“But my anger towards marginality accumulated over years, served me to unleash a more analytical, minute, close research that liberated me from a large part of male culture, which had, until then, suffocated me. It is while suffering from marginalization, that I developed my discourse on female creativity. For some years now I have been ironically telling the story of women using the simplest means and modest materials, never traditional to male culture. I have criticized women and also excused them when appropriate, but I never pitied them. Instead, I invited them to react, rise up and upset the rules of the game.”
By using such “modest materials”, drawn from the confines of feminine domesticity, Parrocchetti critiqued and contested female subjugation and objectification. Forsaking the conventional picture frame, traditional to what she terms “male culture,” the works on display include assemblages within plexiglass cases – a core body of work within the artist’s oeuvre. Each piece’s title is a protest slogan designed to incite women to rise up: “Chastity Belt (Watch out for commodification),” “Under custody and repressed,” “Dreaming gender equality” and “Final alternative: Power to the Widowed.” Within them, we find pins and needles piercing foam-stuffed fabric lips, breasts and vaginas – those sites of the female body where patriarchal violence concentrates itself, and from where women’s protest unleashes.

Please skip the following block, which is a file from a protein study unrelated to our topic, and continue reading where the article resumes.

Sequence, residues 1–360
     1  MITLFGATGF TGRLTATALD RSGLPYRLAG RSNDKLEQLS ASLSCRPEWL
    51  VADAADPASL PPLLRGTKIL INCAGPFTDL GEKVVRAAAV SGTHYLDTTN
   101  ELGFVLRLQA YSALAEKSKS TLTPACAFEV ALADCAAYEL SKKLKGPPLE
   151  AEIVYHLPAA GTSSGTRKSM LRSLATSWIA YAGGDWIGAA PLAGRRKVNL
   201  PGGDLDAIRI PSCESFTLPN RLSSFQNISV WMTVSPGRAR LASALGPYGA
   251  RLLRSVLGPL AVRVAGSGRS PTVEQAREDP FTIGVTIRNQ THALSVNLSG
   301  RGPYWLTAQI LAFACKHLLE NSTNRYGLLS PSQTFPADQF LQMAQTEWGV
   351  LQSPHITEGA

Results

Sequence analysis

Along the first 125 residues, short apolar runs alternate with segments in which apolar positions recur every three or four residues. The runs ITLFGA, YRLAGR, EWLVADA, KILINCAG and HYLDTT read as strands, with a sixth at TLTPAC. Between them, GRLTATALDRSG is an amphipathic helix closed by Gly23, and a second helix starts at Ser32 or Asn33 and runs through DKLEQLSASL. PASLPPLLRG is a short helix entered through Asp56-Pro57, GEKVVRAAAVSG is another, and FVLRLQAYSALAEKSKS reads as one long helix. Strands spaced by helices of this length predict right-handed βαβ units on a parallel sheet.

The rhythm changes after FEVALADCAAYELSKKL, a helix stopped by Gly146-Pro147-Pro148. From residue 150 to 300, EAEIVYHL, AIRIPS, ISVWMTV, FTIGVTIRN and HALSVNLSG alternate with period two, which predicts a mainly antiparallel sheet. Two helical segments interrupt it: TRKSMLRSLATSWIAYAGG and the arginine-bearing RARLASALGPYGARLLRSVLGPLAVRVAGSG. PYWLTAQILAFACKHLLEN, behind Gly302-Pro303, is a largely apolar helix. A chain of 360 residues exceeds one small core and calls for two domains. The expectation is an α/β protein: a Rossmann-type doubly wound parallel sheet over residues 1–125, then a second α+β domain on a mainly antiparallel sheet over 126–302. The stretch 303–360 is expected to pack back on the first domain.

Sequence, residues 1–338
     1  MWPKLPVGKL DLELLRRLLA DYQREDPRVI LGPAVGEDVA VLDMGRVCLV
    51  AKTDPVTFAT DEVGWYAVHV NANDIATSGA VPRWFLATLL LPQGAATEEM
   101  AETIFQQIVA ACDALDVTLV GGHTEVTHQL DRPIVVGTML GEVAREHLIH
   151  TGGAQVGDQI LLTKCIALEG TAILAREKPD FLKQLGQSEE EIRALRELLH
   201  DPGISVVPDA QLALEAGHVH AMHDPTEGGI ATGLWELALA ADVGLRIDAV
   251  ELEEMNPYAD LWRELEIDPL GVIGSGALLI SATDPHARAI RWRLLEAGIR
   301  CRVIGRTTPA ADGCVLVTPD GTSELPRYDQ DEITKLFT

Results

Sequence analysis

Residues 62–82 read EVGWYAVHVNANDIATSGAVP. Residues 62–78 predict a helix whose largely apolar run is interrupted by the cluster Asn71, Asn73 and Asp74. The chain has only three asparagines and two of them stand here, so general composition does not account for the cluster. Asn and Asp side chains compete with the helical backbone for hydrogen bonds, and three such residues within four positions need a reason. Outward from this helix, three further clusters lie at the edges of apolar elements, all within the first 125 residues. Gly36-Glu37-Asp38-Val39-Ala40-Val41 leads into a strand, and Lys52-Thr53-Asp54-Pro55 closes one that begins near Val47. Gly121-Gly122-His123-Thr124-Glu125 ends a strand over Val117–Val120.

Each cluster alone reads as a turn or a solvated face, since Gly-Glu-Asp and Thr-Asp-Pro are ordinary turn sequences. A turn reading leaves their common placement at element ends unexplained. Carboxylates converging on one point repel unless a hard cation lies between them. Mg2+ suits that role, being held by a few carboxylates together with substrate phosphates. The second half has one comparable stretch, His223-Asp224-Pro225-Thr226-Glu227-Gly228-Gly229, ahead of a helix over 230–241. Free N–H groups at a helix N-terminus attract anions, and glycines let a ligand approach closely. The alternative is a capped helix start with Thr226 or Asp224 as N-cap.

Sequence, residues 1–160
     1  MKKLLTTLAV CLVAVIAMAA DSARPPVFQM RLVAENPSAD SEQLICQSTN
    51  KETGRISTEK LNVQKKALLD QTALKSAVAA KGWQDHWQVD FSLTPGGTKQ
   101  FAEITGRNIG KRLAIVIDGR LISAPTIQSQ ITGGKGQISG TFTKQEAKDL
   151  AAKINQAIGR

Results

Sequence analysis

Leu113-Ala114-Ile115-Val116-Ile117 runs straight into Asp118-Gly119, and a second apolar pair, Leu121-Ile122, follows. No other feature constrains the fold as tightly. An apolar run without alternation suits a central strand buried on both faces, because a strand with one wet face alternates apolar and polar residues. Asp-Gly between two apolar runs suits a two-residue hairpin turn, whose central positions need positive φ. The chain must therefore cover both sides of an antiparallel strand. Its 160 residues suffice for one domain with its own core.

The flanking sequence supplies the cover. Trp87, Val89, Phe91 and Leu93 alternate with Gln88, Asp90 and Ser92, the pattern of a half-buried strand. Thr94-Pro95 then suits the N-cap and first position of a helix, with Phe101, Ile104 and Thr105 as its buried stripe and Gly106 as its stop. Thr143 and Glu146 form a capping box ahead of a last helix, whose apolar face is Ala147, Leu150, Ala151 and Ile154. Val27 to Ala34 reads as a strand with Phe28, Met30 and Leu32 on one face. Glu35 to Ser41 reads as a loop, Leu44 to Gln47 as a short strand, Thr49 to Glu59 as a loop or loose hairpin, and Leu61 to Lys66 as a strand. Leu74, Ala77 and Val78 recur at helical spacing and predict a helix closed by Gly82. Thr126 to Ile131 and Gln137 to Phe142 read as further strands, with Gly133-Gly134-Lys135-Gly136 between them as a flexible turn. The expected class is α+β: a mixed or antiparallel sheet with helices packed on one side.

The case Metamorphosis of a Procession (Wake Up!) (1978) captures her vision of women’s insurgent, politicized bodies; it presents a small sisterhood of dolls facing a ringing alarm clock, organizing against the dark oppressive figures that encircle them. Corresponding Metamorphosis, the pencil drawing Wake up!! It’s time (1978), presents the same alarm clock at the center of the composition. Here we see a form of synecdoche where the many mouths (and other kinds of lips) stand in for the entire female body, waiting to be shaken awake.